As the attack wears on, technicians pore over volumes of data dumped by the intrusion detection system and the network equipment, in an ad hoc attempt to determine the attack's entry point into the protected device. Unfortunately, with such an unstructured approach the entry point may not be found for several hours, during which time the intrusion detection system's filtering impedes the operation of the computer or web site under attack.

In other situations, the attack itself may be short lived, for example as in a hacker's attempt to steal information from a protected computer. By the time technicians have completed their unstructured situational analysis, the attack may be over and the hacker may have succeeded before his efforts could be blocked by filtering the computer's outbound flow of information.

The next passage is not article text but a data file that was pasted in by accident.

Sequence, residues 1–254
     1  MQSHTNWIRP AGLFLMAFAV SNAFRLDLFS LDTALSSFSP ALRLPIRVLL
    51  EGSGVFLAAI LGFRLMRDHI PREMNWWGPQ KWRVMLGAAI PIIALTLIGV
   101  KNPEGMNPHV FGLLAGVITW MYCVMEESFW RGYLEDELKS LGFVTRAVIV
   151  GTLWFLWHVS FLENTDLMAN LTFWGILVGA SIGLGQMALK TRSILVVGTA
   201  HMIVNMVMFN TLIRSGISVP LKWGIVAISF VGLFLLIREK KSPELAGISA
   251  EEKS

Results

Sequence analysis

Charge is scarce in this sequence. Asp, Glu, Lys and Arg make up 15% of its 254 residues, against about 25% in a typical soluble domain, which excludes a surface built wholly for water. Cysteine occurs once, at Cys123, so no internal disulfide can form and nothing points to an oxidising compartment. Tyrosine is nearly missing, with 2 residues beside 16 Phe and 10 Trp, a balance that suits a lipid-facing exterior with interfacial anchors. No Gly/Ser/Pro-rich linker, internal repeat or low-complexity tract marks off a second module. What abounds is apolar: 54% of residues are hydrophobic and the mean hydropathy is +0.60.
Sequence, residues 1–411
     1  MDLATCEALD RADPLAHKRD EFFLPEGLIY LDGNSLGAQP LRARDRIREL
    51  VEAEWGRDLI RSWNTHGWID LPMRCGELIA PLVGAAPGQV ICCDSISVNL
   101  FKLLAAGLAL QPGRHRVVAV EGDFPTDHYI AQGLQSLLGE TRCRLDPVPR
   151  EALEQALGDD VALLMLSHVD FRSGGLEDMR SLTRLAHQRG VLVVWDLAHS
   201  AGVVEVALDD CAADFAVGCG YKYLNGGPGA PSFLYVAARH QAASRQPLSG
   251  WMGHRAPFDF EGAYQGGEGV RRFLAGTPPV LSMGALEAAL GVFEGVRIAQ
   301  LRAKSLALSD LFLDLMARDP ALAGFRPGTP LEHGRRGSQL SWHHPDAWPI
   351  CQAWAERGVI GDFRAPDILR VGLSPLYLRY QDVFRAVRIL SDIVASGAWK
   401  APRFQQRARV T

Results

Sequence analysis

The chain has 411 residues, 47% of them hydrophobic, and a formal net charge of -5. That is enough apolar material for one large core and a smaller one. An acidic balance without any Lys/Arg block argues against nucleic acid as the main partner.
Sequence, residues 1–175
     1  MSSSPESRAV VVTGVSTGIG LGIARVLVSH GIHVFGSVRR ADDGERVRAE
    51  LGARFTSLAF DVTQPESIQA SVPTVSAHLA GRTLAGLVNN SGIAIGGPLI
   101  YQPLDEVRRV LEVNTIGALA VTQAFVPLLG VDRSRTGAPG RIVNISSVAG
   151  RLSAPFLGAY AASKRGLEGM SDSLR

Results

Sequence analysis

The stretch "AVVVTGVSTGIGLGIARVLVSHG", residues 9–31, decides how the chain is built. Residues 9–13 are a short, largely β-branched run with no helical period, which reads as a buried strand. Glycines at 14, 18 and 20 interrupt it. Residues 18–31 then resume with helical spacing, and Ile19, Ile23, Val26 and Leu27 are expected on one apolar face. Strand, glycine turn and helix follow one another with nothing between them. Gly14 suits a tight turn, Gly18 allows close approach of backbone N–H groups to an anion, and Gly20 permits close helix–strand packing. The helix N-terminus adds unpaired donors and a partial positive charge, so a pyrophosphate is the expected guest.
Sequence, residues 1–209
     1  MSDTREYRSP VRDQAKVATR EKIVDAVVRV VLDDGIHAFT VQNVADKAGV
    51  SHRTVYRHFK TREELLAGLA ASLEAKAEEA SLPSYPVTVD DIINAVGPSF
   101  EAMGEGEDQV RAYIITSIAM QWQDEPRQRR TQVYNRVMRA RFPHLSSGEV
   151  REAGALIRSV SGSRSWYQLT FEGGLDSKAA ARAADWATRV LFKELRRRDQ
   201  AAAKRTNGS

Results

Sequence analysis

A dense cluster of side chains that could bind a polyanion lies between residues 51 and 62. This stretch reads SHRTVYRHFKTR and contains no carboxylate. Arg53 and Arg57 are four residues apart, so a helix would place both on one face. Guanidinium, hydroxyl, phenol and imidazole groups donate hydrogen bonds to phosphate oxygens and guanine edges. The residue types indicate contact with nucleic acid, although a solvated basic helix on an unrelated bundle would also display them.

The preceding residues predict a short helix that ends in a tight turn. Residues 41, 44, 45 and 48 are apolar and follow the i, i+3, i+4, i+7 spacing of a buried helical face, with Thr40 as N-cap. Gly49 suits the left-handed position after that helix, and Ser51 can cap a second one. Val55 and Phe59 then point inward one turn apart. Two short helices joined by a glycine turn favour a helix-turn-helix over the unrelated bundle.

Thus there is a need for an improved defense against vandals that provides a quick and efficient way of determining the entry point of an attack upon a device that is protected by an intrusion detection system, so that measures may be taken to stop the attack closer to its source or to aid in forensic investigations that follow.

SUMMARY OF THE INVENTION

The present invention provides a way of determining the entry point of an attack by a vandal such as a hacker upon a protected device such as a computer or a server such as a web server that operates under the protection of an intrusion detection system. According to the present invention, intrusion detection information regarding an attack and network information regarding the attack are correlated, and from this information the entry point of the attack into the protected device is identified. Thus, the entry point or exit point of the DoS traffic may be identified as far back in the network as possible—i.e., as far as possible away from the protected device.